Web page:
Kachanat et al. (2019)RCT40Pain of more than three months of evolution, limited range of motion of flexion and extension of the wrist and weakness in grip strength.History of surgery, dislocation, fracture, osteoarthritis, or corticosteroid injection in the elbow.2215I
Köksal et al. (2015)QES54Diagnosis of lateral epicondylitis.Diagnosis of local infection, arthritis, or bleeding disorder. Age under 18 years. Pregnancy.0000II
Kubot et al. (2017)RCT60Result on the Visual Analogue Scale higher than 6, pain of less than three months of evolution, no previous treatment in the affected area in the previous three months, complete follow-up after receiving the intervention.Other diagnoses in the cervical spine, upper limbs, vasculitis, infections, malignant diseases, connective tissue, rheumatic, dermatological or neurological. Pregnancy, Anticoagulant treatment. Age under 18 years. Invasive treatments in the previous three months.2002I
López-Celis et al. (2018)RCT54Diagnosis of lateral epicondylitis. Presence of pain of more than three months of evolution. Positive result in the Cozen and/or Mill test. Age over 18 years. Delivery of informed consent for participation in the study.Diagnosis of other concomitant pathologies in the affected upper limb, of inflammatory processes, contraindications for diacutaneous fibrolysis. History of previous surgery in the affected elbow or of injections in the previous three months in the affected elbow.2215I
Nishizuka et al. (2016)RCT110Pain of more than a week of evolution and on anterior and distal palpation of the epicondyle. Positive result to the Thomsen test.Diagnosis of bilateral lateral epicondylitis or osteoarthritis History of elbow surgery. Previous treatments in the elbow or use of corticosteroids in the previous six months.2013I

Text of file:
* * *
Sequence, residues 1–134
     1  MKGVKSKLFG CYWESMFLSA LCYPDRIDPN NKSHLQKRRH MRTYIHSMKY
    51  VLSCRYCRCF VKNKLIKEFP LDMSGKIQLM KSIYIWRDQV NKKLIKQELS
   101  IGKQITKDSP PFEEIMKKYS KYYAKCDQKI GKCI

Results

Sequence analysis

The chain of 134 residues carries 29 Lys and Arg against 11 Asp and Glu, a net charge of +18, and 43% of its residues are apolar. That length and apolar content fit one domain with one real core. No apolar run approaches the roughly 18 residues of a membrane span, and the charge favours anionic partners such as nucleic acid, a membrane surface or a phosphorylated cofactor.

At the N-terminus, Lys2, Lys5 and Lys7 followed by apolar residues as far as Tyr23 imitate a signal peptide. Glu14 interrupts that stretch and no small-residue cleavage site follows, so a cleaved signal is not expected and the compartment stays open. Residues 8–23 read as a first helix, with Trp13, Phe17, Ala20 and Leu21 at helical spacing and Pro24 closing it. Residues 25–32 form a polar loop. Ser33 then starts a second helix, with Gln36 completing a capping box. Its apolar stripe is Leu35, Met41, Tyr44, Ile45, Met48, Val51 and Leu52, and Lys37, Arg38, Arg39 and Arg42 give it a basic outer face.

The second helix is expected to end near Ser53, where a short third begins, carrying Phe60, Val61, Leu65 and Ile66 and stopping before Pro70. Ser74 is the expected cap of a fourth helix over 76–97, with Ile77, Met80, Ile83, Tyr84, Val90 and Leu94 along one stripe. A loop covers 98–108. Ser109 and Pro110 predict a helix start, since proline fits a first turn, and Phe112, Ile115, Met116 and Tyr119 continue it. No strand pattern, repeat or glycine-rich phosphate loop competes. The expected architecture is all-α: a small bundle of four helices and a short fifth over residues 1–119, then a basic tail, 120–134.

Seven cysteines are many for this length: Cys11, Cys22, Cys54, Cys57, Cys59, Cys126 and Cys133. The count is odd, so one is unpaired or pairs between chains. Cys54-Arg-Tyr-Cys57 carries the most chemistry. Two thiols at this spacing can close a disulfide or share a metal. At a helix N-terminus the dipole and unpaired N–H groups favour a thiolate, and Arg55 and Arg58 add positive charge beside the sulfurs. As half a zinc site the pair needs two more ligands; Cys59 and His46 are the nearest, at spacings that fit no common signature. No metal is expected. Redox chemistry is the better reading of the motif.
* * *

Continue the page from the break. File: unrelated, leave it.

Nowotny et al. (2018)RCT31Result in the Placzek score higher than 4. Delivery of informed consent for participation in the study.History of surgery or elbow fracture. Diagnosis of rheumatic arthritis, elbow instability, extensor radius tendon rupture, or cervical radiculopathy.2013I
Olaussen et al. (2015)RCT177Presence of pain at the resisted dorsiflexion of the wrist with the elbow extended, at the resisted extension of the third finger and/or at the radial deviation of the wrist of less than three months of evolution.Bilateral pain and/or of less than two months of evolution, treatment with corticosteroids and/or physiotherapy during the previous year. History of previous surgery on the elbow. Presence of deformities in the elbow, referred pain in the neck and/or shoulder, fractures or ruptures of tendons of the forearm. Diagnosis of cervical radiculopathy, systemic musculoskeletal diseases, contraindications to corticosteroids, lidocaine or anti-inflammatory drugs. Pregnant or lactating women.1012I

Table 2, continued

AuthorsDesignSample sizeInclusion criteriaExclusion criteriaJadad scaleLE
Seo et al. (2018)QES20Diagnosis of lateral epicondylitis.Diagnosis of orthopedic or nervous system abnormalities affecting the arm or upper limb neuropathy.0000II
Stasino-poulos et al. (2016)RCT34Diagnosis of lateral epincondylitis of more than a month of evolution. Pain on palpation of the epicondyle. Positive result in at least two of the following tests: Thomsen test, third finger against resistance, mill, force with grip dynamometer.Diagnosis of some dysfunction of the shoulder, neck and/or chest, arthritis, neurological deficit, radial nerve entrapment. History of surgery on the elbow or of previous treatments for lateral epicondylitis during the month before the study.1214I
Yalvaç et al. (2018)RCT50Medical diagnosis of lateral epicondylitis, pain of more than three months of evolution, positive tests in wrist extension, third finger extension and passive wrist flexion.History of elbow surgery and/or elbow or arm fracture. Corticosteroid treatment in the previous month. Diagnosis of cervical radiculopathy, neuropathic entrapment, acute infection or vascular disorder, Carrier of pacemaker or interstitial implant.2114I